Collecting Better/More Timely Data

We are working to conduct more timely and thorough physical inspections of properties and more in depth analysis of data submitted by our PHAs. Our goal is to allow HUD to quickly identify and intervene when problems are identified.

Minimizing Waste, Fraud and Abuse: Zero Tolerance Approach

HUD relies on local elected appointing officials and the PHA boards to perform due diligence and ensure that affordable housing programs are well administered. However, there are instances when local Boards fail to carry out their governance and fiduciary responsibility to provide proper oversight of their PHAs.

As a tenured real estate professional, and as a public official, I am deeply dismayed when a housing authority is found to be malfeasant. And let me be very clear, Mr. Chairman - we have zero tolerance for fraud, waste and abuse.

Secretary Donovan and I expect greater accountability and transparency from public housing authorities. We hold HUD, local officials and everyone else involved to a higher standard of professionalism. Anything less is a disservice to the residents and taxpayers.

When HUD suspects or detects malfeasance, the PHA will be referred to the Inspector General's office. Within 30 days, the PIH field staff will perform an assessment to determine the causes of the problem and whether the local Board and appointing authority are prepared to address the situation. HUD staff will outline the immediate reforms necessary to bring the agency back into full compliance. If the Board is unwilling or unable to institute the corrective action reforms, we will begin establishing an administrative record and use all available legal tools to return the PHA to effective management and require accountability -- including assigning an administrative receiver and referring individuals for criminal prosecution, where necessary - to ensure federal funds are protected and that the residents continue to receive quality service.

To ensure that PHA Board Commissioners understand their responsibilities, PIH has instituted nationwide governance training. The training reviews governance, financial recordkeeping requirements, the budget process, financial indicator scoring, and annual audits. The goal is to ensure that each commissioner understands and can fully perform their governance and fiduciary duties.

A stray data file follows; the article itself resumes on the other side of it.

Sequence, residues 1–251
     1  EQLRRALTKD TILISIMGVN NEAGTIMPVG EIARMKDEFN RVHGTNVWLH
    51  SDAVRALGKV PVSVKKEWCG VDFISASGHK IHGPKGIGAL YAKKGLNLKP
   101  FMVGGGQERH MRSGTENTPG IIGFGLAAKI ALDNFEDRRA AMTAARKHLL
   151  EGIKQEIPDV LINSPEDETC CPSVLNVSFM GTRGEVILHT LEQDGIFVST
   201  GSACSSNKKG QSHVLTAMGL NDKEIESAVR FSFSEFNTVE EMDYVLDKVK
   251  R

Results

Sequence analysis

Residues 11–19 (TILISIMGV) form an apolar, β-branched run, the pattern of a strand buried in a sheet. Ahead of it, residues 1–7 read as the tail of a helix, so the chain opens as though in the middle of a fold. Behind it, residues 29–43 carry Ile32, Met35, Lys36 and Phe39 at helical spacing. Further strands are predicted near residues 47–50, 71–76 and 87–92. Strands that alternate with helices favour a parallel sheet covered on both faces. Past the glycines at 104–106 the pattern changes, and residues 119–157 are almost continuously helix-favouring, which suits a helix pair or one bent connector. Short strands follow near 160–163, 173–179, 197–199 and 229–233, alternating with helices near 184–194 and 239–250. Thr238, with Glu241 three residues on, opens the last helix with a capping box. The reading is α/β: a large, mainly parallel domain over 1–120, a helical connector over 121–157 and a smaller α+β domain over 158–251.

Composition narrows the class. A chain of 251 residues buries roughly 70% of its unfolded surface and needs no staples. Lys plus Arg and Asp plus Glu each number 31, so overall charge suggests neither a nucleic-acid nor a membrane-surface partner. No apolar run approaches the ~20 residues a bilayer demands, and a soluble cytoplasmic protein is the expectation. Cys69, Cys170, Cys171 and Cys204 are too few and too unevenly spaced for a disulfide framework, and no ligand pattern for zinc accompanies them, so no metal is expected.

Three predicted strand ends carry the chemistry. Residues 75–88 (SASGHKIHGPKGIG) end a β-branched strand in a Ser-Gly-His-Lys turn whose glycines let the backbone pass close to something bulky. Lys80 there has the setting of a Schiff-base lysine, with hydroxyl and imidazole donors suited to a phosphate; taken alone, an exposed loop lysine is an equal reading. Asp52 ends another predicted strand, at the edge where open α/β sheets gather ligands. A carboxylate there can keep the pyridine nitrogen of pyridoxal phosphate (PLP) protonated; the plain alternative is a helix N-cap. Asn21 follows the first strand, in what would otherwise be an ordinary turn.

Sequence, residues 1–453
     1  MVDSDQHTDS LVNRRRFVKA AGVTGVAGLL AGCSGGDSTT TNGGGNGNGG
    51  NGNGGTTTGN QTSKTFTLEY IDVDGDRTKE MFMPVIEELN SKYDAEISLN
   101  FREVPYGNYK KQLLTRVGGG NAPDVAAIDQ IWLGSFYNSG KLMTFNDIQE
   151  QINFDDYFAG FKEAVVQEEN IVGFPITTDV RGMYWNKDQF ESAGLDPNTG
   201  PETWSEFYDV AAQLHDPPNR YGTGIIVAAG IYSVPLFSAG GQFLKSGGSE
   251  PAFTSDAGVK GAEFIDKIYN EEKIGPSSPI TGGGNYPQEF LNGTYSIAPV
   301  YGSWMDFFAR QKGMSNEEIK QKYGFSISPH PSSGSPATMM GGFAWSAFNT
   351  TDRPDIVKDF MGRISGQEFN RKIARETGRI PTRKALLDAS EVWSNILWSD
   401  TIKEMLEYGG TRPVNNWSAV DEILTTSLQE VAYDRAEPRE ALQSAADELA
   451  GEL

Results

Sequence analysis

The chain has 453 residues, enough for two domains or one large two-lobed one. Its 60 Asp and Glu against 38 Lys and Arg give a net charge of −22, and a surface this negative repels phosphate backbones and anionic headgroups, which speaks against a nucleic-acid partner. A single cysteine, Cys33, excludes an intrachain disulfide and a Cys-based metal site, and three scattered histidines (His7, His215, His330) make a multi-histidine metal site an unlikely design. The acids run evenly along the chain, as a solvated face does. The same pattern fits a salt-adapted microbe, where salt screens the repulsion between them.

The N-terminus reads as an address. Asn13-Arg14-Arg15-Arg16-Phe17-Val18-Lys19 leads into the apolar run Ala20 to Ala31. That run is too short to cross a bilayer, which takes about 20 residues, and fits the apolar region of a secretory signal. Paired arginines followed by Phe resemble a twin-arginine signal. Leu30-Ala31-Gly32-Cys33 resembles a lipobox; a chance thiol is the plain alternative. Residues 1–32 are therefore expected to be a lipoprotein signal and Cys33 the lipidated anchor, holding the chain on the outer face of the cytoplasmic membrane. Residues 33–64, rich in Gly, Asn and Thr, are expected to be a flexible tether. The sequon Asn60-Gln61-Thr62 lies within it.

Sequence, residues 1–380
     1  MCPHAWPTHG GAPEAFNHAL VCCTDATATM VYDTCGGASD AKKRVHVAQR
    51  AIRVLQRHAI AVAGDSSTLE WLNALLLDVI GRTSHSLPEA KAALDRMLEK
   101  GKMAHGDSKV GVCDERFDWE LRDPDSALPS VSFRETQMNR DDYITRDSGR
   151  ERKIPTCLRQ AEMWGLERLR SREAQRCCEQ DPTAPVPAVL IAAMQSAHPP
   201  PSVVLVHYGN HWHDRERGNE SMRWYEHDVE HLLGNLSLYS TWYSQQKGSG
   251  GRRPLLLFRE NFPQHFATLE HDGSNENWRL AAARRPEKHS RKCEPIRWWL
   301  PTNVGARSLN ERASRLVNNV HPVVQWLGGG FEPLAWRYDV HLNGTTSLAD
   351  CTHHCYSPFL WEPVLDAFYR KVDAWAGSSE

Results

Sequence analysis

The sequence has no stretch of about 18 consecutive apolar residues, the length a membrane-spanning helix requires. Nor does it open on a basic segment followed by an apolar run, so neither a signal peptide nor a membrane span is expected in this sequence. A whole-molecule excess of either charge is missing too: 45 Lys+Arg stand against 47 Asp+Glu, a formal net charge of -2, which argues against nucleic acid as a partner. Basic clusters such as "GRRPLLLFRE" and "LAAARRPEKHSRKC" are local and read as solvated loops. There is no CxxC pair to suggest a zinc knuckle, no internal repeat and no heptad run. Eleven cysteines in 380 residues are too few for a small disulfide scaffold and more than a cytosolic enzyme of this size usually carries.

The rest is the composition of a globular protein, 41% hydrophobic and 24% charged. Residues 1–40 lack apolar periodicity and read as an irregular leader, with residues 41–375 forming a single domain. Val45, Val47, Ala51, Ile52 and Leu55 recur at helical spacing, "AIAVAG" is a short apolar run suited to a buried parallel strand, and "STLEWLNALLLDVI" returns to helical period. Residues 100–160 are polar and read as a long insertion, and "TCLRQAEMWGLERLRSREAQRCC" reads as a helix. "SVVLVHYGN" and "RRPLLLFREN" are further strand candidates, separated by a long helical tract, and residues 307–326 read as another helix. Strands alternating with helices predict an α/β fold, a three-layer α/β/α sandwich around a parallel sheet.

Needed Reforms to Preserve our Nation's Affordable Housing Stock

Mr. Chairman, all of these issues-the successes of the Recovery Act, the limitations we face in the current budget environment, challenges facing some of our PHAs, combined with the President's goal of winning the future-remind us that the time has come to have a larger conversation about how we preserve America's affordable housing stock in the 21st century.

The preservation of critically needed 'hard units' of rental housing in this country is among our top priorities, particularly as the number of renter households with severe affordability issues has increased significantly in recent years.

With our proposed budget, we have begun to lay out a Comprehensive Preservation Strategy based on feedback we heard from you, the singular focus of which is to place public and assisted housing stocks on a sound, sensible financial and regulatory footing for the long-term and better serve the families that live there.

Our preservation agenda includes regulatory and administrative changes to make it easier for owners to preserve HUD-assisted housing as well as creating tools that will put the Department's stock of affordable housing on sound financial and regulatory footing for the long-term.

The new authorities we are seeking include more flexible income eligibility requirements for the Low-Income Housing Tax Credit - which was utilized in about half of all multifamily production in the 1990s - allowing for better coordination and alignment with other federal programs administered by HUD and USDA. In this budget, we've proposed a limited basis boost to increase the tax credits available to preserve federally assisted housing - including public housing.

To this end, the Budget includes a Transforming Rental Assistance demonstration and rigorous evaluation of the conversion of thousands of public and assisted housing units to some form of long-term project-based rental assistance contracts that will enable PHAs to leverage private debt and equity capital to make repairs. This funding will allow us, working with key stakeholders, to develop new preservation tools to help ensure that we protect our affordable rental housing stock - some of our most valuable affordable housing assets.